Take time out

However busy you are, it’s important for your mental health to take time out for yourself to relax and recharge your batteries.

Why is relaxation important?

Life is busy, whether you’re at school, college or work. Sometimes, the pressures can seem all a bit too much. Taking some time off for relaxation is vital to help your mind and body switch off from those pressures.

Some mental health problems, such as anxiety and depression can be caused by “too much work and not enough play”. And not taking time out for relaxation may make any existing mental health issue worse. 

Relaxation is an important part of maintaining positive mental wellbeing.

Having that alone time allows you to reflect on what you truly feel.

The stimulants don't work

It’s tempting after a pressured day to reach for a cigarette, bottle of wine or even drugs to wind down. But these quick fixes are stimulants, and won’t help you to relax properly. They’re also bad for both your physical and mental health.

Drugs such as cannabis can act as a depressant, making users paranoid and losing their ambition and drive. Drugs and alcohol can cause or exacerbate mental health problems.

Take time to step back and do something that you enjoy. Whether it’s a hobby, or getting some rest, it can help you to recharge.

Stress-busting relaxation techniques

Pause - make time during the day to take breaks or pauses. Pausing throughout the day can prevent stress from building up.

  • Stop what you are doing.
  • Look out of the window.
  • Let your shoulders drop.
  • Stretch.
  • Allow your mind to calm down.

If you find yourself in a stressful situation such as a difficult phone call, a crowded train journey home or a looming essay deadline, give yourself time afterwards to pause and calm down.

Deep breathing - Taking deep breaths after a stressful situation and concentrating on your breathing can have a calming effect and help you relax.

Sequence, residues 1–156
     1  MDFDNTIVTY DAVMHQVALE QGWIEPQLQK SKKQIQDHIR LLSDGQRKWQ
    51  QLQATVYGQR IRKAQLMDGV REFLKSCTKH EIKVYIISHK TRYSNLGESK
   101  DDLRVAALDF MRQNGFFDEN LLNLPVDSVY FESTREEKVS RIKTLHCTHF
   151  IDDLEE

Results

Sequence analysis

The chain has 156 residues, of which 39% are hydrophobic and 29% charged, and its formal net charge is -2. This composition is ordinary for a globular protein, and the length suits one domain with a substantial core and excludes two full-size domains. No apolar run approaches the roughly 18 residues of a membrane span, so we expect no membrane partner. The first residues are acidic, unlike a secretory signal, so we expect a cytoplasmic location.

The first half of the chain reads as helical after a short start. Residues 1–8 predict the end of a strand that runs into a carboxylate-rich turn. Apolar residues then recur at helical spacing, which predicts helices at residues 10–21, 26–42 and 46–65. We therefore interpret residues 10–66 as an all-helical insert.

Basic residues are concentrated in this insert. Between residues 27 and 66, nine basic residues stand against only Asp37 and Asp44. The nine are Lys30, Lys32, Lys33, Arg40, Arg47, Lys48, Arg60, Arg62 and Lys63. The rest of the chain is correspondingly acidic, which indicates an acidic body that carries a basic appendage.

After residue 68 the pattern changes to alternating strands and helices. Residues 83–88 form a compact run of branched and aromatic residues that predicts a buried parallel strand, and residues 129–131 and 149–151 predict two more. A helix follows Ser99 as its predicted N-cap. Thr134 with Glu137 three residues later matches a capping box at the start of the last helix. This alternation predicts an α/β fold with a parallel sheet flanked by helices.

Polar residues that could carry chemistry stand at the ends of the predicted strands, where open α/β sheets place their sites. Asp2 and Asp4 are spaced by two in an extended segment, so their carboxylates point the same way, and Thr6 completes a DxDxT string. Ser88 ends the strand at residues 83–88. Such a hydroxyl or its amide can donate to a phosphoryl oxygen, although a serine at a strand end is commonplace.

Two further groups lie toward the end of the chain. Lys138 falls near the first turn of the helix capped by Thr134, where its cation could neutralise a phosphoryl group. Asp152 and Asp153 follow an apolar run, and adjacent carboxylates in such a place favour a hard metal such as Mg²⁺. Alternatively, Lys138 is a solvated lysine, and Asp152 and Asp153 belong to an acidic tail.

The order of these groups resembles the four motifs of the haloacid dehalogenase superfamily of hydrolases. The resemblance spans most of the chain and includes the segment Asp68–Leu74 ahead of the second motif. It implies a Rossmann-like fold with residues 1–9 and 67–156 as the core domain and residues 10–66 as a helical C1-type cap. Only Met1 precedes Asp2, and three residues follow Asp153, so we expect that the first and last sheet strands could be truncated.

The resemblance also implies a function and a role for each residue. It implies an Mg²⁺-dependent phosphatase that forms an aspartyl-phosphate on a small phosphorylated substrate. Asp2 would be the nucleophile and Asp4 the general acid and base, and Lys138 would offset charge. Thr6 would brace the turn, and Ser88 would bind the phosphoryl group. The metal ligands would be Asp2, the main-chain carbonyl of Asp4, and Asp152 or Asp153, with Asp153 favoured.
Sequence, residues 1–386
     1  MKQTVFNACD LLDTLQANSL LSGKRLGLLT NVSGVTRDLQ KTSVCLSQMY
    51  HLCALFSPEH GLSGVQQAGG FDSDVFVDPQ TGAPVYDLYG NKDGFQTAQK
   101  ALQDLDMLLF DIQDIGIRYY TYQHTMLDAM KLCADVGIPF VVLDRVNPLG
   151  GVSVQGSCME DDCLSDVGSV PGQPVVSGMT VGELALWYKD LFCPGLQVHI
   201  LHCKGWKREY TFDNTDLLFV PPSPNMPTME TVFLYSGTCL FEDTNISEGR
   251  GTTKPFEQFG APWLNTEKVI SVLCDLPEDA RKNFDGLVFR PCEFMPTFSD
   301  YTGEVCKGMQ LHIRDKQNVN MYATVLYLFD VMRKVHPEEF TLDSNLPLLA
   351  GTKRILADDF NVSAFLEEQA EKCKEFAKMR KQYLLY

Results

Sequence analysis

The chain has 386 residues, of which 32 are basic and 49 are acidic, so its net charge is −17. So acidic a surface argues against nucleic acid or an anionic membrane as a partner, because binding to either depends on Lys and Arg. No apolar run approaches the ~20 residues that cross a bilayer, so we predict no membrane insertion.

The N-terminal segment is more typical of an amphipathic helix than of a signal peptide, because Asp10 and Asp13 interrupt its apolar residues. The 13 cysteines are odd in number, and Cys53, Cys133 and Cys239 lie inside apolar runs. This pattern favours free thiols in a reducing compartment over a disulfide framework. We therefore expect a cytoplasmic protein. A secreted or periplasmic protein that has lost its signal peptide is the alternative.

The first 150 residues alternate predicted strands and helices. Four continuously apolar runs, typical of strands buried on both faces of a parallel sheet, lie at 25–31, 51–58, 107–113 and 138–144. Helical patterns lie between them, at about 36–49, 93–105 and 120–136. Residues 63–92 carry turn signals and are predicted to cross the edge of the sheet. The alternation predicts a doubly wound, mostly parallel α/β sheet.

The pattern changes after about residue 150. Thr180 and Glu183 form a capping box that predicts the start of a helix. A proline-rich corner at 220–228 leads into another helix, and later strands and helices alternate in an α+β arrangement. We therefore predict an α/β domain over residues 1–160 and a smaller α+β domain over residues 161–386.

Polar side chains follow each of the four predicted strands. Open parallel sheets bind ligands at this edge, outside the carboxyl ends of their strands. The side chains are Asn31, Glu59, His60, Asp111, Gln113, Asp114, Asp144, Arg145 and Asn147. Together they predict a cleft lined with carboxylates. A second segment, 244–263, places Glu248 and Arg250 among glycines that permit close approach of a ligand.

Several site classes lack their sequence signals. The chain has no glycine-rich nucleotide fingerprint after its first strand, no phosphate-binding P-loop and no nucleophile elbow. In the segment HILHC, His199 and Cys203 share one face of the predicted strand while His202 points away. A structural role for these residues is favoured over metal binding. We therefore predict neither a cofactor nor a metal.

• Close your eyes.
  • Take deep breaths in and out.
  • Think of your favourite place, maybe somewhere that you go on holiday.
  • Focus on the place and picture yourself there.
  • What can you see? What can you smell? What can you feel?

Imagining being in your favourite place can take you away from your current stressful situation and help you relax and calm down. It can also help prevent stress levels gradually rising throughout the day.


  • Be mindful – be more aware of the present moment, including your thoughts and feelings, your body and the world around you. Some people call this awareness "mindfulness". It can positively change the way you feel about life and how you approach challenges. Learn more in Mindfulness for mental wellbeing.

Tips from our Activists

Here's what our bloggers and Activists have to say about taking time out:

My health and happiness come first, and if I want to do something that I enjoy, I can take the time to do it without feeling guilty.
Think how you treat someone you love. You support them when things are bad and celebrate good times. You look out for each other, do fun things, and care for each other. Treat yourself the same.
You may feel low but don't give up on yourself if things aren't going well. You wouldn’t give up on a friend, so why do that to yourself?
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Blogs, tips and advice

Our Activists share their advice on taking time out for your mental health.

"Listening to your body also means listening if your body needs to rest. We should also allow ourselves some alone time to recharge." Lily

"It’s crucial that you take time to step back and do something that you enjoy. Whether it’s a hobby, or getting some rest, it can help you to recharge." Honor